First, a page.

The Sun brand JVS power supply units also known as “NAOMI” PSUs due them being most widely used on that platform have become quite expensive in recent years, even worse is that due to their age many are starting to fail. What most people don’t realize is that similar to CRT monitors, power supplies usually fail due to aging capacitors and many can be revived with a simple cap-kit.
Why not just buy a different PSU?
Normal Arcade power supplies only supply 5V and 12V outputs where as the JVS power supply standard requires 3.3V output as well, also there is a specific connector (JST VL) used for JVS power connections where as normal arcade supplies use either screw terminals or Molex connectors. Even if they did support 3.3V output, the output amperage specs for JVS are also higher than what most 15Watt arcade PSUs can provide, some JVS boards have power consumption requirements low enough that this would be ok but others do not.
There are some people who make ATX to JVS PSU adapters allowing you to use a standard desktop PC power supply for JVS arcade boards however PC power supplies are not adjustable and depending on the specific board you’re using and how your specific ATX supply is tuned it may be providing voltages too high or too low to function properly with a JVS arcade board.
Why Replace the Caps?
Over time the chemicals in electrolytic capacitors break down and expand causing them to not work as well as they should which can cause instability and noise in the power output, in worst cases the capacitor housing can crack and start leaking which can cause corrosion of metal parts and erosion to the PCB. I’ve seen these Sun PSUs sell for $80-$100 in used condition on eBay, many of these are even in need of a cap kit. The very few shops that sell new JVS PSUs charge upward of $300. Meanwhile a cap kit can be purchased for about $8 and with about an hours work can make a dead or unreliable Sun PSU function like new again.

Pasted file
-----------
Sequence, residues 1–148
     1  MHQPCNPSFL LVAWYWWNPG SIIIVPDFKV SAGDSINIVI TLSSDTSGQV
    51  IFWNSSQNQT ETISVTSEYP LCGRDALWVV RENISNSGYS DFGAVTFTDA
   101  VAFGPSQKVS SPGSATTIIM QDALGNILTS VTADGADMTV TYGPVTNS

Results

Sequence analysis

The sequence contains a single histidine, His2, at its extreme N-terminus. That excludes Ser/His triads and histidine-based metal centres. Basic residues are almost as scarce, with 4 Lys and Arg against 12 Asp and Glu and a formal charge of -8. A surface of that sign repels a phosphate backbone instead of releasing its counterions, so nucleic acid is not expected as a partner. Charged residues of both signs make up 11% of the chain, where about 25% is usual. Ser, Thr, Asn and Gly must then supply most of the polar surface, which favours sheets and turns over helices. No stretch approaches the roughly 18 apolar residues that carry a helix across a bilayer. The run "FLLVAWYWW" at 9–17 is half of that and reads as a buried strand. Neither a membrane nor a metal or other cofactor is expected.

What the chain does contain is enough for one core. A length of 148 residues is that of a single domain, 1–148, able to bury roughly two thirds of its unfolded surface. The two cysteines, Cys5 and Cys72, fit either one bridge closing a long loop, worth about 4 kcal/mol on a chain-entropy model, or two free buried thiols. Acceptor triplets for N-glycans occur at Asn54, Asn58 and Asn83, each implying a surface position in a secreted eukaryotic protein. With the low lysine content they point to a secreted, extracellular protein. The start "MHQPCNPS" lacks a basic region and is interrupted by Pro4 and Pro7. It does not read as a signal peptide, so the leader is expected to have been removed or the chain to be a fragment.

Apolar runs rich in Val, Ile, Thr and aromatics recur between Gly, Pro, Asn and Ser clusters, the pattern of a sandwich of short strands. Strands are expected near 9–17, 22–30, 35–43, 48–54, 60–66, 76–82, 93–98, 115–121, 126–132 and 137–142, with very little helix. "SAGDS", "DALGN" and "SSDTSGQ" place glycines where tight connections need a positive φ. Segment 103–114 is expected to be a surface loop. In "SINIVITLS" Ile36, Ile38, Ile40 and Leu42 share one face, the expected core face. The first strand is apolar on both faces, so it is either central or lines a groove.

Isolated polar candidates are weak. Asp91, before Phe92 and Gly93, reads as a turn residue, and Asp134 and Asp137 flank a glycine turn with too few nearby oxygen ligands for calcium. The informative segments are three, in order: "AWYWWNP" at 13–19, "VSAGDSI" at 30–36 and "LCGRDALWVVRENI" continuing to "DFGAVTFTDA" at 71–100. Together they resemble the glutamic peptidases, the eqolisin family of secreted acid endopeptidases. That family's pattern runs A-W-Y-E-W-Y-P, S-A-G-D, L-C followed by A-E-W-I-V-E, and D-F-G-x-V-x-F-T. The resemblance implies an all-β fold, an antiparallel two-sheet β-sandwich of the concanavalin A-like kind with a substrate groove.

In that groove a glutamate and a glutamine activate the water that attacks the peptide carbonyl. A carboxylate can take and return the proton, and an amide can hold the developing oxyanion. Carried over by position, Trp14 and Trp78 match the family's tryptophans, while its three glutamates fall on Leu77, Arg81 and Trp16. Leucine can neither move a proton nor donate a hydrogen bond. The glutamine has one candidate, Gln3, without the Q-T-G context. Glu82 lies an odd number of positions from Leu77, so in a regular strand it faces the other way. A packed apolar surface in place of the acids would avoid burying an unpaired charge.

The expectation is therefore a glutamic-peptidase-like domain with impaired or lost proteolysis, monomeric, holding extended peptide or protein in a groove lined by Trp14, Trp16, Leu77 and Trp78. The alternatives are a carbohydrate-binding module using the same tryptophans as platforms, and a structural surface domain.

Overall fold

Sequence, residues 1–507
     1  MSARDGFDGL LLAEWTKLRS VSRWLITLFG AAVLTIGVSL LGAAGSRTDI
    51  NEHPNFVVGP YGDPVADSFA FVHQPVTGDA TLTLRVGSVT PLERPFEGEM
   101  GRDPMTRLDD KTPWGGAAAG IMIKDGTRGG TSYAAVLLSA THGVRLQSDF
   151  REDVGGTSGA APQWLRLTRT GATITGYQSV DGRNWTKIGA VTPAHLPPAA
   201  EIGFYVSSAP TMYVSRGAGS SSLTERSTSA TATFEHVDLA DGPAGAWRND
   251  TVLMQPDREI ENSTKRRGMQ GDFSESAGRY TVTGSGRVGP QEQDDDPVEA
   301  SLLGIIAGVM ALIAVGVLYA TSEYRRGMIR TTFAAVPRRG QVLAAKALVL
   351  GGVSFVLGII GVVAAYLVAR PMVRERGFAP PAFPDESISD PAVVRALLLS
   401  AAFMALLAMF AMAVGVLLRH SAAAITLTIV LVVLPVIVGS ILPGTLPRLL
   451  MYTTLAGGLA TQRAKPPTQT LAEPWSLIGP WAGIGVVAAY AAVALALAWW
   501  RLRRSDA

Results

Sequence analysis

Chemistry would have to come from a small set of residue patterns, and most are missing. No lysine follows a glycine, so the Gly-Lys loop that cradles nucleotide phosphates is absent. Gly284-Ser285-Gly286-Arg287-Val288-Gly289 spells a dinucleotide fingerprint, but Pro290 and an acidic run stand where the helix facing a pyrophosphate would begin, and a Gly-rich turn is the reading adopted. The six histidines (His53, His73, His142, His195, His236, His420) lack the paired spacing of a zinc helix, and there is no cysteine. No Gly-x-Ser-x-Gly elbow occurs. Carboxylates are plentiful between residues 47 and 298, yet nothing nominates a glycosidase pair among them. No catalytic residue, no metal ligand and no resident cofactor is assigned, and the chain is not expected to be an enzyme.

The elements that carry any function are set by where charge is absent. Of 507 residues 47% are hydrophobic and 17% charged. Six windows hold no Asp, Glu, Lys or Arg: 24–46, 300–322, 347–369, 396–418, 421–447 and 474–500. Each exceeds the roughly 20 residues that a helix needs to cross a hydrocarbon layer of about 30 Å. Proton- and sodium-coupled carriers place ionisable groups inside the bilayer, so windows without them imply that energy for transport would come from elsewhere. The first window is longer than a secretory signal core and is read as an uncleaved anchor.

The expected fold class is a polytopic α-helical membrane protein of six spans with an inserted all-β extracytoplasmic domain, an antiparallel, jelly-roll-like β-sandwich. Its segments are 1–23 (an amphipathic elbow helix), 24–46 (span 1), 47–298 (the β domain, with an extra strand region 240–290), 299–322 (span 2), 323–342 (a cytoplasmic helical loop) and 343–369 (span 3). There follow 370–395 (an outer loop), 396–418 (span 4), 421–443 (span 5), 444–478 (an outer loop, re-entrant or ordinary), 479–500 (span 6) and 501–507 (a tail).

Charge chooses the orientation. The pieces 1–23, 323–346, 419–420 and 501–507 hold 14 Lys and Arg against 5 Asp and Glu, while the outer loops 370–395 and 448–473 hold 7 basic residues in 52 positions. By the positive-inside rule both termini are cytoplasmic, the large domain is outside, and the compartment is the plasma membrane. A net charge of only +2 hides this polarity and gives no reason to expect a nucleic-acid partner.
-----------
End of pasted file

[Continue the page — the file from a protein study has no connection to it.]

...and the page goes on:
Not to mention spending some time and a little bit of money to repair instead of replace something is much better for your wallet, the environment, improving your skills, and preserving the authenticity of your arcade equipment. It’s win-win from all aspects.
The Cap List
This electrolytic cap list is for the Sun 400-5397-01 model number (the 400-5443 may or may not need the same caps, I didn’t have one available to check). The filter cap is generally very expensive compared to the rest of the list and generally only replaced on an as-needed basis.
C5 – 680uF 200V *Filter Cap
C9 – 47uF 50V
C14 – 22uF 50V
C15 – 10uF 50V
C17 – 1uF 50V
C18 – 2.2uF 50V
C19 – 4.7uF 50V
C21 – 1000uF 10V
C23 – 220uF 25VC24 – 3.3uF 50V
C25 – 330uF 16V
C28 – 2200uF 10V
C29 – 2200uF 10V
C31 – 2200uF 10V
C32 – 2200uF 10V
C34 – 4.7uF 50V
C35 – 2200uF 10V *A small diameter cap is preferred here
C36 – 2.2uF 50V
C37 – 0.47uF 50V
C38 – 3.3uF 50V
C41 – 10uF 50V
Cap Location Map
Here is a map I’ve put together of where each of these caps is located on the PCB and the direction each cap should be facing. When replacing the caps you should take note of the capacitance, voltage and orientation of the old cap to ensure that it agrees with the above cap list and the below cap map. The PCB itself should also note the capacitor number and orientation of each of these caps for further confirmation. I’ve run into other PCBs where the markings on the board didn’t agree with the direction that the old cap was installed, but in my experience the Sun PSUs have always been marked correctly on the PCB.
*The cap map was made from a photo I took of one of the PSUs I performed a cap kit on. take note of the blackened PCB by C28, this cap had already cracked and started leaking on the bottom which also caused the green/black corrosion on the neighboring resistors. Thankfully no permanent damage was done. I should also note that from the outside this PSU was running with zero problems. This was a ticking time bomb and I was lucky enough to notice the bloated and leaking cap before the PSU failed and or more serious damage occurred.
Replacing the Fan
These Sun PSUs also have an fan that can die or become very noisy. its the same size and shape as an 80mm (x25mm) desktop PC case fan. This is a 2-pin 12V fan that uses a 2-pin JST PH connector. Most PC fans wont use this connector but you can either cut off the connector of the new fan and splice on a pig-tail from the old one, or buy a JST PH connector to crimp onto the leads of your new fan. Either way replacing this fan is another cheap way to keep your power supply running in top shape for a good many years to come.
Where to buy these parts?
You can piece together your own cap kit using parts from Mouser, Digikey or your preferred online parts vendor, most of these stores will also carry the JST-PH connector for the fan as well. 80mm cooling fans can be found anywhere computer parts are sold.
If you’re interested in buying a pre-made cap-kit instead of piecing one together yourself Ian Kellogg sells one and he also sells the filter cap. I don’t know of anyone else making kits for these PSUs at the moment but if you know of any please leave a comment.